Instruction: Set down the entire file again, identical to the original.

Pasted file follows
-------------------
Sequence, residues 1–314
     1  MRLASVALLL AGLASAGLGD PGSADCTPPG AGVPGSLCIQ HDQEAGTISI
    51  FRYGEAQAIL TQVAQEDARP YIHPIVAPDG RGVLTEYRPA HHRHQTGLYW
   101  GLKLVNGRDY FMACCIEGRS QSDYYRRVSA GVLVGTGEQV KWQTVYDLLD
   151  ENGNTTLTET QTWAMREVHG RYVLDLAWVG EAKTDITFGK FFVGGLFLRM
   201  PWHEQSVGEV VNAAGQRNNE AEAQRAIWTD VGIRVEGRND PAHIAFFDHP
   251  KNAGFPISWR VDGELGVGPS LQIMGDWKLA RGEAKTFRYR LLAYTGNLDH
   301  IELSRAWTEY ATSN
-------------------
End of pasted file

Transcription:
Sequence, residues 1–314
     1  MRLASVALLL AGLASAGLGD PGSADCTPPG AGVPGSLCIQ HDQEAGTISI
    51  FRYGEAQAIL TQVAQEDARP YIHPIVAPDG RGVLTEYRPA HHRHQTGLYW
   101  GLKLVNGRDY FMACCIEGRS QSDYYRRVSA GVLVGTGEQV KWQTVYDLLD
   151  ENGNTTLTET QTWAMREVHG RYVLDLAWVG EAKTDITFGK FFVGGLFLRM
   201  PWHEQSVGEV VNAAGQRNNE AEAQRAIWTD VGIRVEGRND PAHIAFFDHP
   251  KNAGFPISWR VDGELGVGPS LQIMGDWKLA RGEAKTFRYR LLAYTGNLDH
   301  IELSRAWTEY ATSN